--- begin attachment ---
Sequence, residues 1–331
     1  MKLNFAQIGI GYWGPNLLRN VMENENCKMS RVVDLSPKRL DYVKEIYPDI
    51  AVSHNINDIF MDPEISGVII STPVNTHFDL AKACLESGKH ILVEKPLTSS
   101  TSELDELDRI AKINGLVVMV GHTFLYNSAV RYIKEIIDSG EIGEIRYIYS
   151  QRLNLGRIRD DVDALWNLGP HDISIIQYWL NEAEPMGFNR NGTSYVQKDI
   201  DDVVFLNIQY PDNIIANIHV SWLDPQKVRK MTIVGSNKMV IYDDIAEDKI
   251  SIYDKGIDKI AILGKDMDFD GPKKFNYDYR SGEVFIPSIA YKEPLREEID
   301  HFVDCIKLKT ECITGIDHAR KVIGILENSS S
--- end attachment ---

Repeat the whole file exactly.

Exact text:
Sequence, residues 1–331
     1  MKLNFAQIGI GYWGPNLLRN VMENENCKMS RVVDLSPKRL DYVKEIYPDI
    51  AVSHNINDIF MDPEISGVII STPVNTHFDL AKACLESGKH ILVEKPLTSS
   101  TSELDELDRI AKINGLVVMV GHTFLYNSAV RYIKEIIDSG EIGEIRYIYS
   151  QRLNLGRIRD DVDALWNLGP HDISIIQYWL NEAEPMGFNR NGTSYVQKDI
   201  DDVVFLNIQY PDNIIANIHV SWLDPQKVRK MTIVGSNKMV IYDDIAEDKI
   251  SIYDKGIDKI AILGKDMDFD GPKKFNYDYR SGEVFIPSIA YKEPLREEID
   301  HFVDCIKLKT ECITGIDHAR KVIGILENSS S